Slowing Health Costs? Not for Employees.

A terrific chart from the Kaiser Family Foundation (KFF) and Health Research Educational Trust (HRET) shows why, despite the relatively slower 5% per year growth in healthcare care costs over the past five years, consumers aren’t “feeling the love.”

As documented in the KFF’s  2015 Employer Health Benefits survey published last week and reported in both the Wall Street Journal and Vox, increases in worker’s earnings (which tracked closely with overall inflation) were well less than half of premium increases from 2010 to 2015 and less than 1/8 of the increases in deductibles.

Although we can’t prove causation, can can draw a correlation between such disproportionate increases in deductibles and the disproportionate growth we’re seeing in the total costs of care being incurred by people with chronic disease.  It appears, based on our analysis, that the routine or “typical” services these folks are receiving are decreasing as deductibles rise.  Meanwhile, their total costs of care – including their potentially avoidable complications/costs – are going up.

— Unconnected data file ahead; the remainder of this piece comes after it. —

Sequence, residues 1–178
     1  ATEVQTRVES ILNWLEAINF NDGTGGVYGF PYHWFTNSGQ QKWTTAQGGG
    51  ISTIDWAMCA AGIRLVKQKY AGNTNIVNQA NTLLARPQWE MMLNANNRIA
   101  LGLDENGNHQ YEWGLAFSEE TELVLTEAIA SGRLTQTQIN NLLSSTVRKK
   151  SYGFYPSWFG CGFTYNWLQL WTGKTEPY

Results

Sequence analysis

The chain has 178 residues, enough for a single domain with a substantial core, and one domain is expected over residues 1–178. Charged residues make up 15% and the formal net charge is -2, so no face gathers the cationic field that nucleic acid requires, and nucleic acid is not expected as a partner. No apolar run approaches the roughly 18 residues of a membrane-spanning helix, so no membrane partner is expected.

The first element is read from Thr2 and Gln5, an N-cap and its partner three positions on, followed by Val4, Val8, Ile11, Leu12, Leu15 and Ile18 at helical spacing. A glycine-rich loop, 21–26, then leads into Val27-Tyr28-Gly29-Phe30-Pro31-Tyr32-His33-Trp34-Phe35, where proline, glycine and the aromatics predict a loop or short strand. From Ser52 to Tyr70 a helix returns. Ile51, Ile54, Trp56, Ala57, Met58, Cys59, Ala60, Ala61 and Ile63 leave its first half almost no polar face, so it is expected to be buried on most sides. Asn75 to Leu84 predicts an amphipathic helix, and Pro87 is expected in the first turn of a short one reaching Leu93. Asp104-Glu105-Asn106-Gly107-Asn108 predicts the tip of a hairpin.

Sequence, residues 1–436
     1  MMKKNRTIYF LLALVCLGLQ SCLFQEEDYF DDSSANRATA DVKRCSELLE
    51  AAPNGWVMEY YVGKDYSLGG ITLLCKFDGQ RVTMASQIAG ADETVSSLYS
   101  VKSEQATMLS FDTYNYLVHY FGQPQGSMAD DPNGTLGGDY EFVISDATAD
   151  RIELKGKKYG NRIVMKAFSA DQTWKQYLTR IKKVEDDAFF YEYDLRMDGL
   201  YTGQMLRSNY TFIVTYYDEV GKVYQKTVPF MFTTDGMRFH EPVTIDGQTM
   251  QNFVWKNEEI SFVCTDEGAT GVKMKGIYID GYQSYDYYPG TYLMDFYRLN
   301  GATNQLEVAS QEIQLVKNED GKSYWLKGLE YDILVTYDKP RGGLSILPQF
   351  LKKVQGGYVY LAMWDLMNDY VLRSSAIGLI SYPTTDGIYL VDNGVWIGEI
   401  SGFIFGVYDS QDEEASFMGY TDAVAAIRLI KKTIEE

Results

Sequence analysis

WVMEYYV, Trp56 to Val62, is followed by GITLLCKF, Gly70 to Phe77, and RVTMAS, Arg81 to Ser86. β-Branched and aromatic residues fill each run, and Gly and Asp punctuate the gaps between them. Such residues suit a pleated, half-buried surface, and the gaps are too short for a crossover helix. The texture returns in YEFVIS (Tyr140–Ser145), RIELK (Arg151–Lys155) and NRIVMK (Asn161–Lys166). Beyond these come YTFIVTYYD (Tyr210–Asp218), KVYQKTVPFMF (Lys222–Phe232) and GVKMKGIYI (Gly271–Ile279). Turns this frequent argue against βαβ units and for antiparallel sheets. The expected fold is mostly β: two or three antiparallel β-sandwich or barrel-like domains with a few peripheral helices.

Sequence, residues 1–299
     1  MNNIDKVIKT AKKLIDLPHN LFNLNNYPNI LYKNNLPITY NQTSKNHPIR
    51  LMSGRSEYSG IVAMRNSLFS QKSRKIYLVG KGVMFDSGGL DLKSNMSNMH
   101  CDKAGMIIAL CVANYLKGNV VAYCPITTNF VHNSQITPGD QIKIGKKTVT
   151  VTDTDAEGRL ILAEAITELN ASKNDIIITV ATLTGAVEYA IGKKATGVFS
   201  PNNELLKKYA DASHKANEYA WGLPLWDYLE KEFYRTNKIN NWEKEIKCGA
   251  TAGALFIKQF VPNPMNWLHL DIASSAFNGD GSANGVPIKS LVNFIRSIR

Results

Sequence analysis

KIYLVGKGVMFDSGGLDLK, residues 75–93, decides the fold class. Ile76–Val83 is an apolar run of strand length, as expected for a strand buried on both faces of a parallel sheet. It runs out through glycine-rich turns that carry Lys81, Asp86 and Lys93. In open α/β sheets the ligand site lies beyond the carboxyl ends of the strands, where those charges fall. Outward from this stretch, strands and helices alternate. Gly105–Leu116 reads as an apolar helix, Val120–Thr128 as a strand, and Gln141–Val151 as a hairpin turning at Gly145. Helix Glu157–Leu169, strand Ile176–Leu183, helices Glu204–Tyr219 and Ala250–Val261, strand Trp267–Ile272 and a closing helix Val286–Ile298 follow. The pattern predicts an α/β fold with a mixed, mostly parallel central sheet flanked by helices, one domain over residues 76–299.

In other words, it would at least appear that the strategy of shifting costs is now working against both employer and employee.  What would work better?  A strategic approach that segments the challenges by the type of care.

Strategies and tactics for differentiated solutions will be the topic of our next several blogs.